Covid researchers told to demand equitable vaccine distribution

Campaigners warn that technical details of how to manufacture vaccine candidates are in some cases not being released, risking the world’s ability to ramp up production

September 14, 2020
A lady putting on protective clothing required to enter a testing lab
Source: Getty

Coronavirus researchers have been urged to demand more equitable distribution of the vaccines that they are developing amid warnings that pharmaceutical companies’ secrecy could hold back production when a safe and effective candidate is found.

There are currently 30 potential vaccines undergoing clinical trials, according to the World Health Organisation, and several involve scientists from universities or public research organisations.

The results of trials on patients, and high-level explanations of how the vaccines work, have generally been made public.

But the complex technical details of how to manufacture doses have on the whole not been released, said Mark Rosenberg, the former president of the Task Force for Global Health, a non-governmental organisation focusing on eliminating diseases in developing countries.

“In general, this is considered their [pharmaceutical companies’] IP that they want to hold on to, even if they are prepared to distribute the vaccine,” he said.

Dr Rosenberg, whose career has included two decades at the US’ Centers for Disease Control and Prevention, argued that how vaccines are manufactured should be “open source”. “If the production details are kept secret, we won’t be able to improve it,” he said.

Manuel Martin, innovation and access policy adviser at Médecins Sans Frontières (MSF), said that a lack of transparency over manufacturing processes could slow down current research as well as manufacturing.

“In the context of a pandemic, this is unacceptable,” he said.

Pharmaceutical companies were reluctant to share their secret sauce because they feared giving away details of their “platforms” – the way their vaccines are delivered into the body, Dr Martin explained. He said it was “really crucial” that scientists made transparency a prerequisite of partnering with a commercial manufacturer.

Unlike some relatively simple drugs, vaccines are hard to reverse engineer, meaning manufacturers around the world will struggle to produce their own generic versions, critics say.

Some vaccine groups have committed to releasing at least some manufacturing details. Paul Young, one of the leaders of a vaccine project at the University of Queensland, said that he was “fully on board” with the need to make this public.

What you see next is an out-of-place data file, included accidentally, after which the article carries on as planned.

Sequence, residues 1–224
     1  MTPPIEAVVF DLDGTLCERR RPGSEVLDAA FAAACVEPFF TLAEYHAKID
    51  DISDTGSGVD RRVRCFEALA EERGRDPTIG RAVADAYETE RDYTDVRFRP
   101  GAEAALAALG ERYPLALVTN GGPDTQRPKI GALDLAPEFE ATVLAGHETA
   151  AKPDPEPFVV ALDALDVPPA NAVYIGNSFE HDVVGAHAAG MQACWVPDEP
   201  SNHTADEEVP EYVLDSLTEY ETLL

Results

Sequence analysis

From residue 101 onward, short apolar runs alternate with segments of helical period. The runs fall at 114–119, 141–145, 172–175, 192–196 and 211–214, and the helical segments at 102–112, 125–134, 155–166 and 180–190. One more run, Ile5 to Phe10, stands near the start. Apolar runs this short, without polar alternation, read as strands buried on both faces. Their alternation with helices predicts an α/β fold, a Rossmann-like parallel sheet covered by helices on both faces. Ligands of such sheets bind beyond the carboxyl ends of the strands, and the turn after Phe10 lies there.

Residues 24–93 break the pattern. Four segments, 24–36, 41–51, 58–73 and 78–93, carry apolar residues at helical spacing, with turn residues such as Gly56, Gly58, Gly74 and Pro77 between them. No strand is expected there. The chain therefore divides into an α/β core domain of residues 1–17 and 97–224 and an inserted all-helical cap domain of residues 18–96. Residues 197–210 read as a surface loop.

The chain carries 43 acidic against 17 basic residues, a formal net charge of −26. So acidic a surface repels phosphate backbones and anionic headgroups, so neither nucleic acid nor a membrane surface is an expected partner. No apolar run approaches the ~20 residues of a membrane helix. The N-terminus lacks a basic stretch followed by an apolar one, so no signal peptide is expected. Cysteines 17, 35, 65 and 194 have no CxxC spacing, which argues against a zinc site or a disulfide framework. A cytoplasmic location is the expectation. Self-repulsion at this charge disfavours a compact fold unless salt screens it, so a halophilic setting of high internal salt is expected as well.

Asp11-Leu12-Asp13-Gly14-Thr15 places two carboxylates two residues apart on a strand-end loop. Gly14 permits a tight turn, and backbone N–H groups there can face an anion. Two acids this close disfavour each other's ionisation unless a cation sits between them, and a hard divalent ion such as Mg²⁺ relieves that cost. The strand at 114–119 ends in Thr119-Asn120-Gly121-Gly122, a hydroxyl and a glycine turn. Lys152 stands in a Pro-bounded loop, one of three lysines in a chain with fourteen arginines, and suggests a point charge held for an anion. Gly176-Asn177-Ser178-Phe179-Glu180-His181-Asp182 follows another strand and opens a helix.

Details of the “early stages of manufacturing development” would be released in a preprint imminently, he said. CSL, an Australian biotechnology company that will manufacture the Queensland vaccine if proven effective, will “be taking on communication strategies”, added Professor Young.

More advanced than the Queensland effort is a vaccine candidate being developed by the University of Oxford in partnership with AstraZeneca. But the Oxford-AstraZeneca partnership will not be making public how to manufacture the vaccine. An AstraZeneca spokesman insisted that this would not be a “rate limiting step to [distributing] large volumes of the potential vaccine globally”.

Critics acknowledged that pharmaceutical companies need to make a return on their investment, and cannot simply give away commercial secrets obtained at great expense. And AstraZeneca has said it will supply the vaccine at “no profit during the pandemic”.

But MSF has long argued that there is no transparency from drug companies over how much manufacturing really costs, or how much of a vaccine’s development was ultimately publicly funded, meaning it is impossible to verify if firms truly are not making a profit.

AstraZeneca said that it was building “a number of supply chains in parallel across the world”, and had struck partnerships with manufacturers in countries around the globe.

“Oxford University is fully committed to global equitable access to the vaccine and formed a partnership with AstraZeneca to achieve this goal,” said Andrew Pollard, chief investigator of Oxford’s vaccine trial project.

But AstraZeneca’s third-party collaborations are “very selective”, argued Dr Martin, who said that it would be better if manufacturing instructions were simply made publicly available.

Researchers themselves may not have the leverage over manufacturing companies to ensure equitable distribution, said Dr Rosenberg, who highlighted the key role of governments and international organisations.

david.matthews@timeshighereducation.com

POSTSCRIPT:

Print headline: Fighting vaccine secrecy ‘crucial’

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Reader's comments (1)

And the first commercial manufacturers to take advantage of this altruistic measure will be the Chinese. Who will then undercut everyone else. Simple. How has the author of this article missed this. Don't tell me they had oodles of years at university sitting exams on how to miss the obvious.

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